We are all impatient to get going, encouraged by the mid-day warmth of the sun on our backs, when it appears. But with few exceptions it is too early to start seed sowing, unless in a heated propagator.
Instead, busy yourself with your greenhouse: Remove yellowing leaves and any that show signs of grey mould (botrytis) and remember to open (and later, close) the door/windows on sunny days.
At the other end of the scale, make sure any pots of lilies overwintering outdoors are not sitting in saucers of rainwater.
How to repot a moth orchid
I have an orchid that has flowered well for more than five years in its original pot and compost. It is now producing roots from the base of its stem and I feel that it should be repotted, but I am worried that the bark it is growing in will drop off the tangle of roots if I try to do so.
–Marilyn Barraclough – via email
The picture you sent me showed that your moth orchid, as you suspect, needs transferring to a slightly wider and deeper pot to accommodate the roots. I noticed, too, that while the orchid itself is growing in a transparent plastic pot, you have chosen to put it in an outer, china cachepot, which keeps light off its roots. This is one of the reasons the orchid is producing roots from the stem.
When you repot it, take the opportunity to snip away any dry, dead roots and use a slightly larger transparent plastic pot (from your local garden centre) and, if you can bear it, abandon the cachepot. You will need to use a special bark-based orchid compost (the smallest of which, online, seems to be a four-litre bag from Westland).
This kind of orchid (Phalaenopsis) thrives on moderate neglect, needing little direct sunlight and only occasional water. Its roots are unlikely to suffer from the disruption and will not need repotting for a couple of years. Just continue to cut flowering stems as they fade, down to a low, slightly swollen bud.
How to cut a mahonia down to size
Claire Tilston planted a Mahonia x media ‘Charity’ in an ideal shady spot against a wall some years ago. She is slightly miffed that, although it has grown and flowered well each year and its solitary stem has grown upward (to a lofty 2.5m), it has produced neither side shoots from its main stem, nor shoots from the base, as she was rather wanting and expecting it to do.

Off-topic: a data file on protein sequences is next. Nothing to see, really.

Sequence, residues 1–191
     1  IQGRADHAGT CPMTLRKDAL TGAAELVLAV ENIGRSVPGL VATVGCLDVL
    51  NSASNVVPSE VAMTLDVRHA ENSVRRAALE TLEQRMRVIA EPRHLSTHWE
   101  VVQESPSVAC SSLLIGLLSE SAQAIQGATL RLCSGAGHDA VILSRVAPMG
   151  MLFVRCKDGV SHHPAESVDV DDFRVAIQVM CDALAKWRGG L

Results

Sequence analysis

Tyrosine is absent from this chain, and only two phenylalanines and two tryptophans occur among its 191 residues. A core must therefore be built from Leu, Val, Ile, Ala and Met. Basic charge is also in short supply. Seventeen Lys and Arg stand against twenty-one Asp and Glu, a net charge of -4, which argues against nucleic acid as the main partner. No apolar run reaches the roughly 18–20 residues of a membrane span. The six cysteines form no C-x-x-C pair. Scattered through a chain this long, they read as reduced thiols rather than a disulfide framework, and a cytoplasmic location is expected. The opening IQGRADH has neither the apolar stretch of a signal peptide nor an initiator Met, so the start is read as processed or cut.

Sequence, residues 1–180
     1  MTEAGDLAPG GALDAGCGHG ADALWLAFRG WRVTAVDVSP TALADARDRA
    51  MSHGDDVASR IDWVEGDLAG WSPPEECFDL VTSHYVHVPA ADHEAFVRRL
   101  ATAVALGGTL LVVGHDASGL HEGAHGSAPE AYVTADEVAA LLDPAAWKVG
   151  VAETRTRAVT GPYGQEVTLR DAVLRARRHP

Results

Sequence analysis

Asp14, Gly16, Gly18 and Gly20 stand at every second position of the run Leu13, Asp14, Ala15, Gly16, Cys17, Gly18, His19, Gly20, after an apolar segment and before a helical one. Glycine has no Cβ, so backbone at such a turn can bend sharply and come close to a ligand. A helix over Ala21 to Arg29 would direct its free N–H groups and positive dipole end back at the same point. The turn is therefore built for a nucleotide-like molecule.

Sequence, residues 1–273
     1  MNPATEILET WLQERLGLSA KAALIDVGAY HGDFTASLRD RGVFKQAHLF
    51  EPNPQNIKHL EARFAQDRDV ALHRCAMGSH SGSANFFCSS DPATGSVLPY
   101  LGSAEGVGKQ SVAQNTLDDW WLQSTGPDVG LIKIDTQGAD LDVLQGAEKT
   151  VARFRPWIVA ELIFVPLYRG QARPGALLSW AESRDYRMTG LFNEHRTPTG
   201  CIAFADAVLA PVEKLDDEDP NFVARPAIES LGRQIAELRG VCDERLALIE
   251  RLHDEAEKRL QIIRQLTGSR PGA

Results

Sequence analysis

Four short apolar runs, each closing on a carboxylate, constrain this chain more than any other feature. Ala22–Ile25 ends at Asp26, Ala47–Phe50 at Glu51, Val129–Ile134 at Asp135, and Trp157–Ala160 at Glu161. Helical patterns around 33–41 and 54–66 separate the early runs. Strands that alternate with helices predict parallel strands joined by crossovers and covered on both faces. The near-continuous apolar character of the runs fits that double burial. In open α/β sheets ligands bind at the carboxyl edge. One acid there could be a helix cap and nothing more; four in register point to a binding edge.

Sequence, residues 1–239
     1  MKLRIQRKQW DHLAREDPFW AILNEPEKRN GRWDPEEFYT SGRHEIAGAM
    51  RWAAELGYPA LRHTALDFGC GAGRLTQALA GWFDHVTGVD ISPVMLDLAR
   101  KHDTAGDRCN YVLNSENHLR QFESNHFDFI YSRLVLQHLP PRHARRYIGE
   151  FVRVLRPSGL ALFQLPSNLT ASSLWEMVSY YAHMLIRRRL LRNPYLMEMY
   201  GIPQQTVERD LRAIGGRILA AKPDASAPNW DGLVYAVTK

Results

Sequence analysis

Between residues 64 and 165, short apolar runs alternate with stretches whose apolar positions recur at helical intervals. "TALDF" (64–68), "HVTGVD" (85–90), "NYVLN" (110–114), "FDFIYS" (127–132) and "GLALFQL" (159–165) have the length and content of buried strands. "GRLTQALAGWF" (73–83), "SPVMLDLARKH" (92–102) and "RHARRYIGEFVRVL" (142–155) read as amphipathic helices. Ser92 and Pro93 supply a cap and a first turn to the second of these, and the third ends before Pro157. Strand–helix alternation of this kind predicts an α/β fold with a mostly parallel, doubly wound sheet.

The plant’s label stated that “no pruning is required”, but, writes Claire, enough is enough now. She asks whether pruning would in fact persuade it to fill out – or kill it?
This is a tricky one, but whatever Claire does, now or during the next month or so is the time to take the bull by the horns and do it.
If she is timid, and merely takes off the old flowers and the top prickly “cartwheel” of leaves, the shrub will certainly react by producing new shoots, but most of these are likely to come from the top part of the shrub. These will rocket skyward over the next few years (so the scented flowers will be beyond nose-height, incidentally), while the trunk may remain virtually bare.
Or Claire could be radical, and cut it lower down, to just above the lowest leaves, which will, albeit temporarily, render the plant somewhat hideous. But – it won’t kill it and will doubtless encourage it to produce growth from lower down, which would eventually make the shrub look more like she probably imagines it should look.
Firstly as we get started, allow me to say that geoFence has built in fast and accurate updates.